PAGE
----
Renard: I can’t say it was a difference between I thought would happen and what happened but there was something that took me completely by surprise. When I was in Europe and wanted to get a meeting with a top CEO I was the crazy IT guy so the meetings were hard to come by. Now that I’m here in the US if I want a meeting with a top company I can easily get a meeting with a top executive at that company. In Europe it takes 10-12 people to get a decision for that meeting take place. I think of it as the Sorbonne effect; you get taken more seriously because you’re coming from the US. Not only was it easier to get a meeting the size of the deals we were discussing were 10X the size of the deals we were discussing in Europe. Part of it was the time we spent completing our platform vision and executing against R&D goals rather than rushing to revenues. The rest of it was the difference in mindset between Europeans and Americans. American dedicate less technical time for innovative new concepts so they need companies like ours who have thought through everything.
Mack: How much did you need to change your original vision for your company to take advantage of the scale of the US market?
Renard: Our vision hasn’t changed. It’s simply become more achievable because I’m here in the US. The effect on xBrain has been incredible simply because I’m here in the US. I would say that I’ve never worked so hard to take advantage of this opportunity. I have to manage my development team overseas often working through the night but it’s worth it because of the rate of progress we’re able to achieve.
Mack: How quickly did you expect to generate revenue from your U.S. expansion and do you meet your expectations?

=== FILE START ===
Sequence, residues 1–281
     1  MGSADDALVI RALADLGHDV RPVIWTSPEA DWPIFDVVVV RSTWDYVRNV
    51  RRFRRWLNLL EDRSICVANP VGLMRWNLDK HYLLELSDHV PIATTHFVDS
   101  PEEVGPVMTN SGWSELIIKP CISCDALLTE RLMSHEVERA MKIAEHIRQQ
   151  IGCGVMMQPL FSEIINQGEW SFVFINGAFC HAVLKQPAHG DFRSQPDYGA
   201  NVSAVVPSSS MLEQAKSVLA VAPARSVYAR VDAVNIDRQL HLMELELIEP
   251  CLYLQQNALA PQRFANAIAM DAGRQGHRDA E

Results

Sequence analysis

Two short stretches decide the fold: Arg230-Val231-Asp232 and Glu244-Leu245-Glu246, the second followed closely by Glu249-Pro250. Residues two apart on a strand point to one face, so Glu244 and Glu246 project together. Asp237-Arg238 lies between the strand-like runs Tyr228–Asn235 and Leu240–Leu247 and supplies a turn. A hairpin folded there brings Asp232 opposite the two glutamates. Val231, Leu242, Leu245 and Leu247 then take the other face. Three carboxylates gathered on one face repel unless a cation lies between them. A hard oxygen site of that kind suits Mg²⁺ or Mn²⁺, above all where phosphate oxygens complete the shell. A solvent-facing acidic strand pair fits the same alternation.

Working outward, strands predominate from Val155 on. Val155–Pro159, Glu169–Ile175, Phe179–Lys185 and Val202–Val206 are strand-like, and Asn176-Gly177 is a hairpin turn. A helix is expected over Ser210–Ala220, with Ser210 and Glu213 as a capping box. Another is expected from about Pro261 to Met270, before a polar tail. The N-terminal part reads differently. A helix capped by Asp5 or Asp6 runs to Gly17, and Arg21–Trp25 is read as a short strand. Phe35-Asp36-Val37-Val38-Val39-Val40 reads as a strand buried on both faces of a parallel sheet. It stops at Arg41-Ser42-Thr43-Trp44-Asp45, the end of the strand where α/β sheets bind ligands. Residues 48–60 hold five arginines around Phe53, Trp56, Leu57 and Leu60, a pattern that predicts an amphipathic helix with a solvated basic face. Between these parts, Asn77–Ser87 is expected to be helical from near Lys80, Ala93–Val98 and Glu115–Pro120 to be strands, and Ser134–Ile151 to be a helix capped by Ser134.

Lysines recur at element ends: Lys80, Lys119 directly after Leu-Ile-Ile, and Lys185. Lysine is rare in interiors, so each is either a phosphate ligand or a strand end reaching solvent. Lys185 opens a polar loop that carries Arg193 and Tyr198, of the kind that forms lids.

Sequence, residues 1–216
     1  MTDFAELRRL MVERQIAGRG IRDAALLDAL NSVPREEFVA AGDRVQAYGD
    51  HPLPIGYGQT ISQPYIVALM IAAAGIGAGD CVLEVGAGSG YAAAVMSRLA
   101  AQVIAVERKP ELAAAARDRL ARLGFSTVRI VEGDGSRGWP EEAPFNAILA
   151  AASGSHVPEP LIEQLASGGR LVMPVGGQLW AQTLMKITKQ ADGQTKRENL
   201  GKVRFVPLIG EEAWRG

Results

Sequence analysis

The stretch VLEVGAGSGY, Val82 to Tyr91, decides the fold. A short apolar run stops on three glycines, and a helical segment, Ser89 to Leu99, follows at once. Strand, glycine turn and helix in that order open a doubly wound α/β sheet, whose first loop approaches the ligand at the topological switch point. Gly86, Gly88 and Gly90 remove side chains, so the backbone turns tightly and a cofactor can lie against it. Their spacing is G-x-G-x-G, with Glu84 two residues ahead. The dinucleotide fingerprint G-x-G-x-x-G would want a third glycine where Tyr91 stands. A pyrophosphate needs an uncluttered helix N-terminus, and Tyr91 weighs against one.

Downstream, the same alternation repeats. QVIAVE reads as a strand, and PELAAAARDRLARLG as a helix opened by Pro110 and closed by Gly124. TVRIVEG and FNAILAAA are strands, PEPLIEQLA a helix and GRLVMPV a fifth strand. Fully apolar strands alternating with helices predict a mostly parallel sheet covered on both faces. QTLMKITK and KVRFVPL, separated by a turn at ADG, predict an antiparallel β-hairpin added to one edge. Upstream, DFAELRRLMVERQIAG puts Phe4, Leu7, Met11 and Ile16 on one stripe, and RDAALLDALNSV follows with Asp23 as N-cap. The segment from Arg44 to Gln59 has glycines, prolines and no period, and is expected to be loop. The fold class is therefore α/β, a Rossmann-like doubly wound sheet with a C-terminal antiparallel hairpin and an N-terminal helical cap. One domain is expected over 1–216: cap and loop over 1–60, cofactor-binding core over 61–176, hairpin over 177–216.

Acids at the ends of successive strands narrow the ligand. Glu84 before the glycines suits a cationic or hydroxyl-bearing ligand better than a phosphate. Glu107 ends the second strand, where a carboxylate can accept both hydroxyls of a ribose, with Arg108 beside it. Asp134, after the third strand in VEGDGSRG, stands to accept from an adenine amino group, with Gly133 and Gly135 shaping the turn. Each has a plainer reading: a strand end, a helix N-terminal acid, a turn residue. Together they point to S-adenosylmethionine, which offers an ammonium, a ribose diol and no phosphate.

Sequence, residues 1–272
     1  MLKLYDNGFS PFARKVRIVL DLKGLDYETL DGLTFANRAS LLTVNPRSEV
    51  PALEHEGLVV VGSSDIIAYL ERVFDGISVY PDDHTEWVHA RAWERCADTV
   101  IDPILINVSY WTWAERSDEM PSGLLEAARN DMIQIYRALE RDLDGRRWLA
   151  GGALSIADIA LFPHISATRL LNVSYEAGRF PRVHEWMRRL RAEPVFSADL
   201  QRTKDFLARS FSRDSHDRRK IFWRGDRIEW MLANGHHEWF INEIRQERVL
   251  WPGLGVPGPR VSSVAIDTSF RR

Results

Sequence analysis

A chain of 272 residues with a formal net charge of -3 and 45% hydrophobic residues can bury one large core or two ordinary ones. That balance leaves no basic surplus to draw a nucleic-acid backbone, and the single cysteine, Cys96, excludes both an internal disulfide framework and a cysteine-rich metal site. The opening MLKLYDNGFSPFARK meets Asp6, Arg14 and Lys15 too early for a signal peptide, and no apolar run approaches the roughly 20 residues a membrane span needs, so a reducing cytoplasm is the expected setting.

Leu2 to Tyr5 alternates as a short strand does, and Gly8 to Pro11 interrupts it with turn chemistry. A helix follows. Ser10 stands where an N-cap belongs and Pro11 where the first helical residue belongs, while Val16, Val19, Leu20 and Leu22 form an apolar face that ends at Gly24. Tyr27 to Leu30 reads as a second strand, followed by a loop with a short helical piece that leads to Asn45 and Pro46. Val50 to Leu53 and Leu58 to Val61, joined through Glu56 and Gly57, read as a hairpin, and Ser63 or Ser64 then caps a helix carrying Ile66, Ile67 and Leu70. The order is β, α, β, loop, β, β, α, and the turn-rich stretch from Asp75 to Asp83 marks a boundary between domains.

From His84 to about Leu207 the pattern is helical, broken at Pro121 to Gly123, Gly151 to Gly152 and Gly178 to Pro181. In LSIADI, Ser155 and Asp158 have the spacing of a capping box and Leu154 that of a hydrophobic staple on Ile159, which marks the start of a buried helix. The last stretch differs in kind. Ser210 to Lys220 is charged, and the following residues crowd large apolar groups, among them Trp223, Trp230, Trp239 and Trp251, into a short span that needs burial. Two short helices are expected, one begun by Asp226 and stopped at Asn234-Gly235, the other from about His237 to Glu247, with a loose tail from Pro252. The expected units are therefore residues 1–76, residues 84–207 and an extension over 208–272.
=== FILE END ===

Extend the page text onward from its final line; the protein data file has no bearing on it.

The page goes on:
Renard: When I came back to the US after my Stanford program to test the market opportunity for xBrain we worked with Vision & Execution. They secured about half dozen meetings for us while I was here. It was clear that we had demand across a broad number of industry verticals. Because of the strong interest we experienced from these early meetings it was clear that we should expand to the US. We are just now at the point where we expect to generate revenue. We are selling to the top companies in each industry vertical so our total number of customers is small. We are in pilot or industrialization programs with several of these companies already and in conversations with a significant number more to begin more pilot programs using our platform.
Mack: Based on where you expected to be by now, how successful have you been in your attempt to enter the U.S. market?
Renard: We have been extremely successful however not by measuring revenues to date but rather by measuring our ability to rapidly execute on a disruptive platform utilizing artificial intelligence to make life easier and simpler for end-users.
Mack: What do you think was the most effective thing you did in planning to enter the U.S.?
Renard: It was twofold really. First it was important to test the US market opportunity for our technology. Secondly was to move here and engage in the Silicon Valley community and adopt the Silicon Valley mindset.
Mack: Based on your experience, would you still have tried to enter the U.S.?
Renard: Without question! Now executives from around the world are coming to the US to find us. That would have never happened if we had not expanded beyond Europe.